With Iowa behind them, candidates and political enthusiasts alike are turning their eyes eastward to New Hampshire, where voters are gearing up for their big event- next week's Jan. 10 primary. The Granite State hosts the first voting contest that will award delegates to the GOP presidential candidates, as well as the first in the nation voting contest that will use a ballot.
That ballot is not short on names. The New Hampshire Secretary of State released sample ballots for next week's primary for both the Republican and Democratic parties, and they total 30 Republicans - a record high for the state's Republican ballot - and 14 Democrats, according to Secretary of State Bill Gardner.
The Republican ballot includes seven leading GOP contenders as well as seven others challenging for attention. Some of the additional names may look familiar. For example, former New Mexico governor Gary Johnson, who is now seeking the libertarian party's nomination, former Louisiana governor Buddy Roemer, and Fred Karger, a political consultant and gay rights activist, are some of the individuals listed.
Herman Cain, the one time front-runner for the GOP nomination who dropped his bid in early December amid allegations of sexual harassment, also appears on the ballot. He filed his candidacy with the New Hampshire Secretary of State before dropping out of the race.
Other names are more of a question mark to voters. Bear Betzler of Philadelphia, Pa., is one of the candidates appearing on the ballot. He describes himself on his campaign webpage as "a Management Consultant, providing bold results-oriented leadership to Global Corporations for high-profile projects and strategic change programs." This is Betzler's first campaign for public office, according to his website.
Another unfamiliar name on the ballot is L. John Davis Jr., of Grand Junction, Colo., who bills himself as "a conservative Republican choice" who "will take a practical, common-sense approach to solving our Nation's problems," according to his campaign website.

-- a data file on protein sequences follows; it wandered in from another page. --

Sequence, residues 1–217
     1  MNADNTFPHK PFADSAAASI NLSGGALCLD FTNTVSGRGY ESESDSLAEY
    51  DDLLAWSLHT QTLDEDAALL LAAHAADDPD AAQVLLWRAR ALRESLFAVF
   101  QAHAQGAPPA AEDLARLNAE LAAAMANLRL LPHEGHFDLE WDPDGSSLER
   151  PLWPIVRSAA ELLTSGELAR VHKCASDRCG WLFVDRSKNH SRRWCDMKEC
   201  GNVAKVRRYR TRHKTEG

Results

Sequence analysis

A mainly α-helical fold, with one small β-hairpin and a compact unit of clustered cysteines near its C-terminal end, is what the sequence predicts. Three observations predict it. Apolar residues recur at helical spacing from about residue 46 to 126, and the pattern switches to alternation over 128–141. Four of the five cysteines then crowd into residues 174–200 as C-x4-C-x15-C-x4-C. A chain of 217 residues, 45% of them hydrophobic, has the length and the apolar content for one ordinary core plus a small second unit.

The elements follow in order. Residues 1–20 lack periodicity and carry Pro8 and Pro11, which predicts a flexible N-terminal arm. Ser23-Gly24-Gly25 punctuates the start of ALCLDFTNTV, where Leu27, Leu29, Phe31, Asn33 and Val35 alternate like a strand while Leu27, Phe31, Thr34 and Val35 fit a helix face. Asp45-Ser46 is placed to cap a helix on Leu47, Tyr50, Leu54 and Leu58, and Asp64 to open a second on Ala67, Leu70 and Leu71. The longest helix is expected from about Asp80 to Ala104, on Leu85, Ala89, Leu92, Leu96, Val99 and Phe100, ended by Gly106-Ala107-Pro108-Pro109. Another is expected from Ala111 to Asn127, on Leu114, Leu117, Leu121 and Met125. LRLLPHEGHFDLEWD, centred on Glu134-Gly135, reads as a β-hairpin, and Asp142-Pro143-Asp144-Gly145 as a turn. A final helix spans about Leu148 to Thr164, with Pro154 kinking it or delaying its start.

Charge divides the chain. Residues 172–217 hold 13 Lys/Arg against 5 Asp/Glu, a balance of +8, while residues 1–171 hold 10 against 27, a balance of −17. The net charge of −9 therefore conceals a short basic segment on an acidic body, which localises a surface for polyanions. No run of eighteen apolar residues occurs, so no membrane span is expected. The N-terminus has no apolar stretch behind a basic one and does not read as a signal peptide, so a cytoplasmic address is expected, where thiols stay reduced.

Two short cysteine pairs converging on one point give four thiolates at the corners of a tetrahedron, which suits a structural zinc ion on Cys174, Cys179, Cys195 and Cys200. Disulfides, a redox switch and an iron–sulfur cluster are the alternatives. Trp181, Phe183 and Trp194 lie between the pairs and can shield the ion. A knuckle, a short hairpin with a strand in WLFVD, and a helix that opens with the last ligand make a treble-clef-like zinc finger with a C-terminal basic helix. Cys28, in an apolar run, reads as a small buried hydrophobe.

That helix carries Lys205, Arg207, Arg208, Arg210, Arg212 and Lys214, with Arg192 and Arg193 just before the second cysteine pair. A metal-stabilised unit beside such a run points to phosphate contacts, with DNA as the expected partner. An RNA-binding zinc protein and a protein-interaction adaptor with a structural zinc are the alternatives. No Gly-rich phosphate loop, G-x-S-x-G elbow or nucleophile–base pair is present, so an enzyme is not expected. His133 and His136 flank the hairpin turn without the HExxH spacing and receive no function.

Despite the record high number, there is only one female candidate listed on the Republican ballot, Michele Bachmann.
The Democratic ballot is considerably shorter than the Republican ballot, but Democratic voters in New Hampshire wishing to take part in Tuesday's primary do have a list of 13 names to check off aside from Barack Obama. The listed individuals span the ideological spectrum. Some are to the left of Obama, such as Darcy G. Richardson of Jacksonville, Fla., who bills himself as a "progressive Democrat" on his webpage and is running because he's been "disappointed by President Obama's abandonment of many of the progressive values that he articulated so eloquently."
Others are to the president's right, like Robert B. Jordan of Garden Grove, Calif., who is running on an " oil platform" which proposes lifting all restrictions on drilling in U.S. oil reserves, including the ANWAR and Prudhoe Bay regions in Alaska.
Qualifying for ballot access in New Hampshire is a relatively straightforward process. Candidates wishing to file for the first in the nation primary are required to submit a declaration of candidacy to the secretary of state's office, along with a $1,000 filing fee. New Hampshire's filing deadline was Oct. 28, 2011.